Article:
The shortage of Nintendo (OTC:NTDOY) Switch consoles during the coronavirus pandemic is being exacerbated by outsized demand for its Animal Crossing: New Horizons game, which is attracting non-gamers as well as casual players and more hardcore types.
The anthropomorphic animal simulation game allows players to customize their own world and invite other players to visit. Despite its surging popularity around the world, Alibaba (NYSE:BABA) just removed the game from its Taobao marketplace, as did Pinduoduo (NASDAQ:PDD) and other Chinese sites.
Although the companies refuse to say why they've blocked gamers from accessing the game, analysts contend pro-democracy activists in Hong Kong were using Animal Crossing to post messages critical of China.
A few days before Alibaba and others removed Animal Crossing from their platforms, China introduced new regulations for gaming companies that could result in heavy fines and being banned from getting a license to make games for six months.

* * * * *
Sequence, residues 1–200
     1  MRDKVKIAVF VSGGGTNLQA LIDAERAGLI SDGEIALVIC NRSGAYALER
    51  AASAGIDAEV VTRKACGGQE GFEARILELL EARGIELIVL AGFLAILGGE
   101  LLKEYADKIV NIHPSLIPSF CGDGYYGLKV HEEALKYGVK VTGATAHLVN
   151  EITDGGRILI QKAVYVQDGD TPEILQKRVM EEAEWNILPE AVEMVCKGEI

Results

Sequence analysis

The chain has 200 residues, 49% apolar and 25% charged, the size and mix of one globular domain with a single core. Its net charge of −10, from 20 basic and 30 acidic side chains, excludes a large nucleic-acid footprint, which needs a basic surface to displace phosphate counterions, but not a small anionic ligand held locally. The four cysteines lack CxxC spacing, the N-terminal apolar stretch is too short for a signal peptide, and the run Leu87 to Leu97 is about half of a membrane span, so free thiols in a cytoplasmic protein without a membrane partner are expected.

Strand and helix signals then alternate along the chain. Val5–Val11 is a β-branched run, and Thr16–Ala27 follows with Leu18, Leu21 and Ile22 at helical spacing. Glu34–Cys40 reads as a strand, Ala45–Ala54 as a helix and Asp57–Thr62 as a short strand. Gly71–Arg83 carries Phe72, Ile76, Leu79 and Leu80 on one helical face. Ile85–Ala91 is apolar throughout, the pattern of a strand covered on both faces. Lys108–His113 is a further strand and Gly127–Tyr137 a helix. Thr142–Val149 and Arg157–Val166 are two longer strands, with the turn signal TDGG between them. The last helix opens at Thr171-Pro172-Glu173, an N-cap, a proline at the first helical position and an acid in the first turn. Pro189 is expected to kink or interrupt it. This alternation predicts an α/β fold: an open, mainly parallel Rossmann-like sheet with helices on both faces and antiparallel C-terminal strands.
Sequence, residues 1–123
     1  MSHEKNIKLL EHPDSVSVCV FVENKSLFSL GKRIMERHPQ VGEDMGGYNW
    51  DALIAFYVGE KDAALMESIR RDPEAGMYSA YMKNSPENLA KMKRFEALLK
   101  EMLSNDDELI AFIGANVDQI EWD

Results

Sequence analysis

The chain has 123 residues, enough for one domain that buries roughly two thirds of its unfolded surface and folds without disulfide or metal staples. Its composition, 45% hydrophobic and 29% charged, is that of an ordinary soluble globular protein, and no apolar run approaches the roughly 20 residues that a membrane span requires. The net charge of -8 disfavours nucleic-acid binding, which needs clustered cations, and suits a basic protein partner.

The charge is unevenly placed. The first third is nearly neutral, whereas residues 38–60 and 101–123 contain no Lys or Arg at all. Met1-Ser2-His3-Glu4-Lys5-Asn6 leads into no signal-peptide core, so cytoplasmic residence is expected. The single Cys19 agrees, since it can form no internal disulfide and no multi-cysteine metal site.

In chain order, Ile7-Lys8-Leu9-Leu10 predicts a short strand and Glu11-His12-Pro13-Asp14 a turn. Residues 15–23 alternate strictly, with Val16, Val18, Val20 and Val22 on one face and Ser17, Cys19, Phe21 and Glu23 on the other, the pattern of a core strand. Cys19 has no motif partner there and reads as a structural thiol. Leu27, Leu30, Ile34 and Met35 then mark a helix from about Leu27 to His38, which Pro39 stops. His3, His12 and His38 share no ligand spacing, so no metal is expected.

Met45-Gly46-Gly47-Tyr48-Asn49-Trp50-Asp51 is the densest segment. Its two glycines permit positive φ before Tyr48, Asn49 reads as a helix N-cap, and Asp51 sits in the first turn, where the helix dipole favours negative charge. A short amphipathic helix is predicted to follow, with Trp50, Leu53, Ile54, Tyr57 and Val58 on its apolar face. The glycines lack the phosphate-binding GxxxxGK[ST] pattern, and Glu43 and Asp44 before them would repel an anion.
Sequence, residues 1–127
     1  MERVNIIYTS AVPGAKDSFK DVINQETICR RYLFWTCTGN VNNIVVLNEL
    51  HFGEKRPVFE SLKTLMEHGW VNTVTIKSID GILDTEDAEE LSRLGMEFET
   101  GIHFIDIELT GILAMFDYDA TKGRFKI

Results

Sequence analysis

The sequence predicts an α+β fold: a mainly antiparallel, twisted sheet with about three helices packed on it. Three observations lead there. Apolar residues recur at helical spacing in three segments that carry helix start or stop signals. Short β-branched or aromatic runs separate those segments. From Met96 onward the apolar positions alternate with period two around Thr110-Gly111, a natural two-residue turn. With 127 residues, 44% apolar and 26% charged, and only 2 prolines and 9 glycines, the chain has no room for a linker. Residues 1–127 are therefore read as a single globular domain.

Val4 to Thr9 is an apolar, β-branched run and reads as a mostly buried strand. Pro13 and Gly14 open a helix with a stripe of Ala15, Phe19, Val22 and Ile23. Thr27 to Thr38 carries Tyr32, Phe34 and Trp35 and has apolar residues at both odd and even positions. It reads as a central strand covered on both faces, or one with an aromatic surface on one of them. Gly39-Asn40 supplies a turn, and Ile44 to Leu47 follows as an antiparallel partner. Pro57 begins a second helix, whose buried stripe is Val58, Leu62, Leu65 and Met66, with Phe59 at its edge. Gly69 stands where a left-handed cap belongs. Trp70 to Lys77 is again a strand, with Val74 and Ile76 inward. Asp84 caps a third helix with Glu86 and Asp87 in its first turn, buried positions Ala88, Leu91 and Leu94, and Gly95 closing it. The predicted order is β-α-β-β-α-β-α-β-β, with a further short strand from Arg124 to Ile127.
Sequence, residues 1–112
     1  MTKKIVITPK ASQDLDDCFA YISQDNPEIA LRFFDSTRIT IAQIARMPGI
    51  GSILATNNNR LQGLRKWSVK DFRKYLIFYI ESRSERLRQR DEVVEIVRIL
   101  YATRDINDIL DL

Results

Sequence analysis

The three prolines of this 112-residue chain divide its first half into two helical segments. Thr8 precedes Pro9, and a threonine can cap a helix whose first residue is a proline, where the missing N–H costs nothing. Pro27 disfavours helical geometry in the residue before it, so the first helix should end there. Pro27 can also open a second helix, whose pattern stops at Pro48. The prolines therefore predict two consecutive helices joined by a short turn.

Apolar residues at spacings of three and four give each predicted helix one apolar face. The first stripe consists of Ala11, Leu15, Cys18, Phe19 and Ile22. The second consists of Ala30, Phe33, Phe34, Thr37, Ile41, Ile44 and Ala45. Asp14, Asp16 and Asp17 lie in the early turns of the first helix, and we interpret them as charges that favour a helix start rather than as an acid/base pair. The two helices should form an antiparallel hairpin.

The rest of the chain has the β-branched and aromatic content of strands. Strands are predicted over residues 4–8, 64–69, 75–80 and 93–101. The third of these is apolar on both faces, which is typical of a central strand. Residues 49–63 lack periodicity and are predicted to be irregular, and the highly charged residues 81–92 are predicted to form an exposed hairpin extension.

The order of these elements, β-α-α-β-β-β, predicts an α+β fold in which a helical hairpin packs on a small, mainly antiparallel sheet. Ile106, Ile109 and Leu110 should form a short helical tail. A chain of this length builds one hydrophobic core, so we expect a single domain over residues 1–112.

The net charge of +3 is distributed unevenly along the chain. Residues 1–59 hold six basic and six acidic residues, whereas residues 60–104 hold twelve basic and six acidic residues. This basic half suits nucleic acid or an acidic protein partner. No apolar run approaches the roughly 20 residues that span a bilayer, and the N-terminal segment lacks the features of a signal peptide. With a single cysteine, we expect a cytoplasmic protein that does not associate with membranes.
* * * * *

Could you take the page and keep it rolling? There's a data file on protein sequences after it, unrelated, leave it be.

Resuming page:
- The regulations identified several prohibited activities occurring within games:
- Promoting banned ideas, either using in-game customization tools or through chats
- Using "borrowed" permissions from regulators to publish games
- Allowing ads to run that weren't first approved by the government
Reuters notes that it's not clear whether Alibaba, Pinduoduo, and other marketplaces were acting on orders from regulators in taking down Animal Crossing: New Horizons or if they were actively removing the game on their own because they are sensitive to activities critical of the government.
Sales of the Switch game console surged to 392,000 units in the week the game was released, according to The Verge, the highest-ever number for the Nintendo platform.